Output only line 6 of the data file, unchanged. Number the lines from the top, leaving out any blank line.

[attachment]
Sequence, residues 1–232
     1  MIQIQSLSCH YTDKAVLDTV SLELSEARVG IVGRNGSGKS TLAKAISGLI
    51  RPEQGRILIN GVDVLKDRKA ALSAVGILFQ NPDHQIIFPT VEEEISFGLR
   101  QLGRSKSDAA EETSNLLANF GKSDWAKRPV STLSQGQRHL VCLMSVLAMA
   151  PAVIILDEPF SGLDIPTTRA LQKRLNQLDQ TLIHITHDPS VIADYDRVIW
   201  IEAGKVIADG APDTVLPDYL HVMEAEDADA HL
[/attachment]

   201  IEAGKVIADG APDTVLPDYL HVMEAEDADA HL